Joel Makower is chairman and executive editor of GreenBiz Group, Inc., creator of, along with research, a membership network and global events on sustainable business and clean technology, including the Circularity, GreenBiz and VERGE conferences.

For more than 30 years, his work has been at the intersection of technology and sustainable business. Joel is former syndicated columnist and award-winning journalist, and author or co-author of more than a dozen books, including The New Grand Strategy: Restoring America’s Prosperity, Security and Sustainability in the 21st Century (2016) about a business and investment plan for America, born at the Pentagon, that embeds sustainability as a national strategic imperative. A prolific writer, he is also the lead author of GreenBiz’s annual award-winning “State of Green Business” report. The Associated Press has called him “The guru of green business practices.”

Joel Makower, creator of

Q: What would you like to see your team accomplish in 2019?

We have an amazing, high-performance team at GreenBiz Group, and it gets better every year. During 2020, the team will focus on accelerating the growth of our three annual conferences on sustainable business and clean technology, each of which is on a steady upward trajectory.

Q: What were the most challenging areas in the early stages of the company’s growth?

Figure out what business we’re actually in, and being nimble enough to pivot as reality sets in. When we launched back in 2007, we were primarily a media company; we added our first event in 2009. The media business tanked — not just for us, but for nearly everyone — and we were able to quickly pivot to events. We still have a robust media operation, but it is a loss leader, building our brand and our core audience.

Q: Who is your role model or hero? 

I’m in awe of entrepreneurs in general, though I’m not sure there’s one who stands out. I’ve always gone my own way — I’ve worked for companies I founded or co-founded during my entire career — so I’m drawn to those who thrive on independence, and to iconoclasts who break all the rules in pursuit of their vision. I’ve never gone the straight and narrow path in my career, making it up as I go along, not worrying whether I’m actually qualified to do the things I set out to do. It’s worked out pretty well.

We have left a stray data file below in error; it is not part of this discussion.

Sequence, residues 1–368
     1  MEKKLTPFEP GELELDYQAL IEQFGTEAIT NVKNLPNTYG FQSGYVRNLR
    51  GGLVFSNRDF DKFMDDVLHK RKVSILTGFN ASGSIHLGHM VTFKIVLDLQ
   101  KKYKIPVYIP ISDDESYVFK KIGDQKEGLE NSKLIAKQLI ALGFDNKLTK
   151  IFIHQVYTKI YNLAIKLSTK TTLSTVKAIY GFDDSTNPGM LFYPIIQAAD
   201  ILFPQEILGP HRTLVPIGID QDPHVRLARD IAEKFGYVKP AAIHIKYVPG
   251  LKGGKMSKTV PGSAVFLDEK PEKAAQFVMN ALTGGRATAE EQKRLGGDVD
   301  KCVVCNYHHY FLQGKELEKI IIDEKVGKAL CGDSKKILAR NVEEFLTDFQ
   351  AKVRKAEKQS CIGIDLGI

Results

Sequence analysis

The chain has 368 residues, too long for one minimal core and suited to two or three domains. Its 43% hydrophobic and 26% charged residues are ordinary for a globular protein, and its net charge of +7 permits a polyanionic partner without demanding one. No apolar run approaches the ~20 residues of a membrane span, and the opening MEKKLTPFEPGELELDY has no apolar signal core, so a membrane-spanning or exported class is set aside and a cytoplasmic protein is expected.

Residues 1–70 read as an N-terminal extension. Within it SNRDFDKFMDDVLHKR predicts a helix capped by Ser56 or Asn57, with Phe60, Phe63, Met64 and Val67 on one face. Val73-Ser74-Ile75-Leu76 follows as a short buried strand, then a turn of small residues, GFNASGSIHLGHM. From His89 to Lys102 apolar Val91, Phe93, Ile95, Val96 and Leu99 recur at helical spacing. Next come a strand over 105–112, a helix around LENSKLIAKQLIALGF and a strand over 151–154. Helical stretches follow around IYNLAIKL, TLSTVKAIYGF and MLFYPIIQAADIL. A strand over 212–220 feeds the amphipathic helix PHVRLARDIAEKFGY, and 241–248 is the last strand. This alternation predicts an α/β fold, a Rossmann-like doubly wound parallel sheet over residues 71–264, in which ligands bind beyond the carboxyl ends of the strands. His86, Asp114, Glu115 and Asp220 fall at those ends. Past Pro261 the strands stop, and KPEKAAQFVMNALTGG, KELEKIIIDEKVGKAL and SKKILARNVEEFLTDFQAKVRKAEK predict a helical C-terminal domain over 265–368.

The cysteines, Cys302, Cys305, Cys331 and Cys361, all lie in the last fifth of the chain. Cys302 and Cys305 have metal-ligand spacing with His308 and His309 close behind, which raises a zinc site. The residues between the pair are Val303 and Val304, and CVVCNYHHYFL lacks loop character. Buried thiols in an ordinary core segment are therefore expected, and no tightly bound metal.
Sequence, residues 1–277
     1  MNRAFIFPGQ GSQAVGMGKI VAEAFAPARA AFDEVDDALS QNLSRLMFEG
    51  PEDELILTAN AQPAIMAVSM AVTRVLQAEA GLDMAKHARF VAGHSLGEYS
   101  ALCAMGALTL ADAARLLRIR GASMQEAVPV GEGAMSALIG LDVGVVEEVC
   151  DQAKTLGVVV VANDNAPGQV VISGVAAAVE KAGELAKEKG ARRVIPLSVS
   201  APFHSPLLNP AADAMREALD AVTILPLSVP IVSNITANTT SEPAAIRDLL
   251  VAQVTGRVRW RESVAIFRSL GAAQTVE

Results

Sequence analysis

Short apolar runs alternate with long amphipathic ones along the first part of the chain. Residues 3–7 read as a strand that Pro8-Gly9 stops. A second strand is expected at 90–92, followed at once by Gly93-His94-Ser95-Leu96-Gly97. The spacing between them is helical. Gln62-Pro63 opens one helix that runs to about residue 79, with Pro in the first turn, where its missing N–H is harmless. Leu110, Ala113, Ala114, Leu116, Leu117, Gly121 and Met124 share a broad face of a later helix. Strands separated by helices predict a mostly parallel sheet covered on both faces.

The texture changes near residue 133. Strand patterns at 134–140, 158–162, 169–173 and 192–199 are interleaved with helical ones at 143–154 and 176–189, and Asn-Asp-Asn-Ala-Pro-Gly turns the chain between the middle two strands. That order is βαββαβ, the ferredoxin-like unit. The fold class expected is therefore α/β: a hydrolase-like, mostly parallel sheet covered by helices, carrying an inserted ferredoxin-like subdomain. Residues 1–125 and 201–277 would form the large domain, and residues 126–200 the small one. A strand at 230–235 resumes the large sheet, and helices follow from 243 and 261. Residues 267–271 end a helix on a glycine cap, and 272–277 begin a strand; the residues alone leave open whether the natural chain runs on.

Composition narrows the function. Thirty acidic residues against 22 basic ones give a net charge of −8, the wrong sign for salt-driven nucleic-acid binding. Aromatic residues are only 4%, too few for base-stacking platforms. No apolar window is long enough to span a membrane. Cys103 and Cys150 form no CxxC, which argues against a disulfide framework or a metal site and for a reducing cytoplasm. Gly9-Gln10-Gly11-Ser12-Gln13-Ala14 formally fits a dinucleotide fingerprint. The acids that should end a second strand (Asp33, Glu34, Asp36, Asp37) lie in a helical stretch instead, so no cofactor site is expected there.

Q: What is your favorite book? 

I recently read the Hidden Life of Trees, by Peter Wohlleben, a remarkable account of how trees connect and communicate with other trees, and how they band together to support one another. It’s yet another reminder of the fantastic magic of the natural world, most of which is hidden from view.

Image result for Hidden Life of Trees, by Peter Wohlleben
The Hidden Life of Trees, by Peter Wohlleben

Q: Do you use any specific method or system to run daily operations? 

I’m not an ops guy. I’m lucky enough to have two partners who run things day to day. I prefer to be out in the field, learning, networking, ideating — then bringing it back to the team. I stay out of daily operations as much as possible.

Q: Why did you choose your present industry at this time?

I became a journalist in part because I saw it as an entry point to learn about anything, and a license to ask questions and synthesize information. I was 15 years into my career as a writer when the topic of sustainable business appeared. I quickly felt at home — with the topic, the people, and the exciting momentum in the field. That was 30 years ago. The topics we lean into are as broad as business itself, and the fields of sustainability and clean technology continue to be among the most exciting and innovative aspects of business today.

Q: What is the best/worst moment you can remember in your career?

I was a book publisher early in my career. I had a small press and published some pretty successful books. One of them, in 1981, made all three networks’ evening news programs the day it was published. But it turned into a financial disaster because I didn’t know how to manage a successful book, printing (and reprinting) way too many copies. I ultimately snatched defeat from the hands of victory. It was a sobering lesson, but it helped me understand what I was good at, and what I wasn’t.

Q: Looking back – if you could advise a younger version of yourself to do something different – what would it be?

I would counsel him that you don’t need to do things a certain way simply because “that’s the way they’re done.” There are a lot of professional and personal paths to get to a goal and looking for the unconventional approach — the side door, the workaround, the hack — may get you further, faster. At minimum, you’ll have a far more exciting ride.

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